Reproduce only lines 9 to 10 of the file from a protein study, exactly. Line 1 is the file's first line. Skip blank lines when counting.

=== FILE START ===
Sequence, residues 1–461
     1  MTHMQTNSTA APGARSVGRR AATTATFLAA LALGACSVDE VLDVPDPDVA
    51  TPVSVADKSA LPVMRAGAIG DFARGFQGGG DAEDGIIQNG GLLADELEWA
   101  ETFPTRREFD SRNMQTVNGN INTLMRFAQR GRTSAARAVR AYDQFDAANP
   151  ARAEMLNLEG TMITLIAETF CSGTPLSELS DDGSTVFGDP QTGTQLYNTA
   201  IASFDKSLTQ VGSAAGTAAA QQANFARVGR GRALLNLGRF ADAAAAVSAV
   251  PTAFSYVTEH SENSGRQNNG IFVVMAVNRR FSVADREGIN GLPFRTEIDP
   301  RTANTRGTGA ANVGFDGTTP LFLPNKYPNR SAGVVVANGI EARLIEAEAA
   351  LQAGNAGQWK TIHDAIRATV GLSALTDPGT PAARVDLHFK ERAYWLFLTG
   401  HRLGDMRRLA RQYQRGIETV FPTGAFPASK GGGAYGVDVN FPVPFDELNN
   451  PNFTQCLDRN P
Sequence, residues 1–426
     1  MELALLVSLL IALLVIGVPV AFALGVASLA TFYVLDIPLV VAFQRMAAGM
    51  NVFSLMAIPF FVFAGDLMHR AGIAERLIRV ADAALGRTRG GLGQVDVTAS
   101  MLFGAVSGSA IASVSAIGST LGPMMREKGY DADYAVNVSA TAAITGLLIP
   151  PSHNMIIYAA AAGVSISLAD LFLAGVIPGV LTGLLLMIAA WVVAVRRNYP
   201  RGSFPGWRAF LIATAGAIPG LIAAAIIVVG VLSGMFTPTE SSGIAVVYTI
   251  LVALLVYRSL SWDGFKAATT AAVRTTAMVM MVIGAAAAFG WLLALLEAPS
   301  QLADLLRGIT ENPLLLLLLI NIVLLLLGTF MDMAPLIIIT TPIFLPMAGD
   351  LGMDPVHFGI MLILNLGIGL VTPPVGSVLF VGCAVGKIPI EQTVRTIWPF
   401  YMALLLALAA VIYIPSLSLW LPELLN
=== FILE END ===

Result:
   351  LQAGNAGQWK TIHDAIRATV GLSALTDPGT PAARVDLHFK ERAYWLFLTG
   401  HRLGDMRRLA RQYQRGIETV FPTGAFPASK GGGAYGVDVN FPVPFDELNN